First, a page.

Last month, ECE English held its second virtual workshop of the year—this time, on visual rhetoric in the composition classroom. Though we opened our discussion through the lens of teaching infographics, we had a great time talking about the elements of visual design from a number of approaches. Certainly, there are countless ways to challenge your students to think about the importance of visual design in the media they encounter daily and the projects they assemble.
We spoke briefly about the main elements of visual design outlined in the ENGL 1007 curriculum, which include balance, alignment, emphasis, proportion, movement, pattern, contrast, and unity. Here’s a brief video highlighting what each of those elements look like in action.
In my own classes, I often use examples like book covers or movie posters to talk about the relevant elements of visual rhetoric I want my students to wrestle with. (These elements might change depending on the project they’re working on!) It’s always fun to bring in pop culture and pick apart the very deliberate choices that make certain advertisements, posters, illustrations, and packaging so effective.
For example, if I knew my students were familiar with the film, I might show them the poster for Everything Everywhere All At Once and prompt a conversation about what it’s accomplishing in its design and storytelling choices. It’s massively cluttered, yet orderly and symmetrical; what does that suggest about the film’s themes? What motifs are repeated throughout? What images are enlarged (made important), and why? How is the text formatted, and why? What kinds of colors are used? What draws your eye first?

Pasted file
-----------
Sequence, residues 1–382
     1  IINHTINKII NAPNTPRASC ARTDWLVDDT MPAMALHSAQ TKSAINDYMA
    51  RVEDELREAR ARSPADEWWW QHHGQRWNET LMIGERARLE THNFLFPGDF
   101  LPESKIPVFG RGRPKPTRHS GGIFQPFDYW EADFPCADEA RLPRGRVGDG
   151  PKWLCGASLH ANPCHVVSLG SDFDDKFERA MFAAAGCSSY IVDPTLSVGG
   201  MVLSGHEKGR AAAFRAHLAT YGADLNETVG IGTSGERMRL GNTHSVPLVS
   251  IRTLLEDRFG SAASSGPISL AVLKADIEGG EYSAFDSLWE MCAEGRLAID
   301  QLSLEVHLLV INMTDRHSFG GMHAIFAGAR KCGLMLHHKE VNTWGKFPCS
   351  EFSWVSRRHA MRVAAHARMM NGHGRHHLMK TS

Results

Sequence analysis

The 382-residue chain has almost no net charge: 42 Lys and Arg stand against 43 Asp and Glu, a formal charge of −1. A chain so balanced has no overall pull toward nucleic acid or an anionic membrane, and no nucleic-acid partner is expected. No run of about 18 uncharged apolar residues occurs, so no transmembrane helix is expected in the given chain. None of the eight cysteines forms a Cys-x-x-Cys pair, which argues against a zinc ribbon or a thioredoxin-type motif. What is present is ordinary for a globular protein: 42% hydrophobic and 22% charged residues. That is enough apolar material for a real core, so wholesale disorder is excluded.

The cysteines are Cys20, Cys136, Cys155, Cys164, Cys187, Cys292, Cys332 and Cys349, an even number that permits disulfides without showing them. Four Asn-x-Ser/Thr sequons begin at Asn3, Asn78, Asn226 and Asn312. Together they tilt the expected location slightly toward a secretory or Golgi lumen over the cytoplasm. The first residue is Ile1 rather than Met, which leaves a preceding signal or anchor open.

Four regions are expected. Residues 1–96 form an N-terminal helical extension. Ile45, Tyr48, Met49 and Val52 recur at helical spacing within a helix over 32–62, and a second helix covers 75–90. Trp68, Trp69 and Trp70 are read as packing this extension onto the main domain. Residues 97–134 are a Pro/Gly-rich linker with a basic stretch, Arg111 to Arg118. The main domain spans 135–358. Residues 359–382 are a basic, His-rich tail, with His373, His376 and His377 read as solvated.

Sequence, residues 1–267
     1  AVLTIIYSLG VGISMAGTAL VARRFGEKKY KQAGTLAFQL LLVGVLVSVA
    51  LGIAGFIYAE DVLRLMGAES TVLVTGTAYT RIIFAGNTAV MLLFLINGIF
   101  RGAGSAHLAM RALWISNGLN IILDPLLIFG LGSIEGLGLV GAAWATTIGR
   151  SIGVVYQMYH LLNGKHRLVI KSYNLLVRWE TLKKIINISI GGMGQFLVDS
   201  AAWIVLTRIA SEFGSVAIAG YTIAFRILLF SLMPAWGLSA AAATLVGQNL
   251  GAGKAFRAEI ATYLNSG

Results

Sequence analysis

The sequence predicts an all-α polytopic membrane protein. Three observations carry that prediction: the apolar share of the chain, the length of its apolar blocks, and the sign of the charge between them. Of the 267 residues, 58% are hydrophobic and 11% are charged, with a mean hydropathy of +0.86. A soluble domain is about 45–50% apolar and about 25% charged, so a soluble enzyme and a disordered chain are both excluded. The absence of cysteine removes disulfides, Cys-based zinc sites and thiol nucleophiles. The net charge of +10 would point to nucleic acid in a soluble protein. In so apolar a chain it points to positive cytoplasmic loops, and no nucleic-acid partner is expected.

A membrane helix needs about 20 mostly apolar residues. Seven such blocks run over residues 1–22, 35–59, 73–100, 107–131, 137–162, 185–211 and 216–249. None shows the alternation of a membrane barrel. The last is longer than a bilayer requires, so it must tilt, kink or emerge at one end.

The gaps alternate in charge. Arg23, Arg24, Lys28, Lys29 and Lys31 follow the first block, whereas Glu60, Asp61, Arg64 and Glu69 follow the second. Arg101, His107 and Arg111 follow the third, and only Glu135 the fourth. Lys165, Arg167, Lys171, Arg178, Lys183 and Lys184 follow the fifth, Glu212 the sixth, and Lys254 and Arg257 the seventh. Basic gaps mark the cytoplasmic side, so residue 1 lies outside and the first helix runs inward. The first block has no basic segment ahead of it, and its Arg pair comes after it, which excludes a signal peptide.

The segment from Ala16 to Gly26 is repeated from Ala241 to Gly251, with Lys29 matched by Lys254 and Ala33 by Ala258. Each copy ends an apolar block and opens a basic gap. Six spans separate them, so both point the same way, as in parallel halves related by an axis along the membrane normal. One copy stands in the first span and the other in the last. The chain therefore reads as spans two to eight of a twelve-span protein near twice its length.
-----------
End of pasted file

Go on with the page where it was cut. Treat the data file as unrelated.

Similarly, I could show them a book cover and have the same conversation. The example I used in March’s workshop was the cover of Katherine J. Chen’s novel Joan. The text and fleur-de-lis are perfectly balanced across four even quadrants, and the font is consistent. Even the color palette follows the same rules: it is inverted across quadrants, but remains the same. This cover also prompts questions about when designers break the rules: what might an asymmetrical design be trying to accomplish? What about unsettling color choices?
This is a great way to generate conversation at the beginning of a visual unit, and it can also be fun to ask your students to bring in everyday examples, as well. Instead of searching for posters or advertisements, have them perform a visual rhetorical analysis on one of their class textbooks, or a poster they saw hanging up in the hall outside of your classroom. As I engage my students in the elements of visual design, I’m also always asking them to consider the rhetorical situation in general, too: what is this text’s overall purpose, and who is the intended audience? How do you know? Is it effective and accessible?
Visual design might not be the first thing we think about when planning a composition class, and we’re certainly not expected to be experts here, but it’s important (and fun, too). I’m reminded of my copy of Toni Morrison’s Song of Solomon, which begins with a note on the type: “This book was set on the Linotype in Janson […] This type is an excellent example of the influential and sturdy Dutch types that prevailed in England up to the time William Caslon developed his own comparable designs from them.” Writing and designing have always gone hand-in-hand, and conversation can be sparked from something as simple as a font in a book. As your students work on their various multimodal projects and you begin thinking about what assignments you’d like to incorporate next year, consider sharing any interesting and exciting conversations you might have with us! You can find a round-up of the workshop’s resources here, on our event page.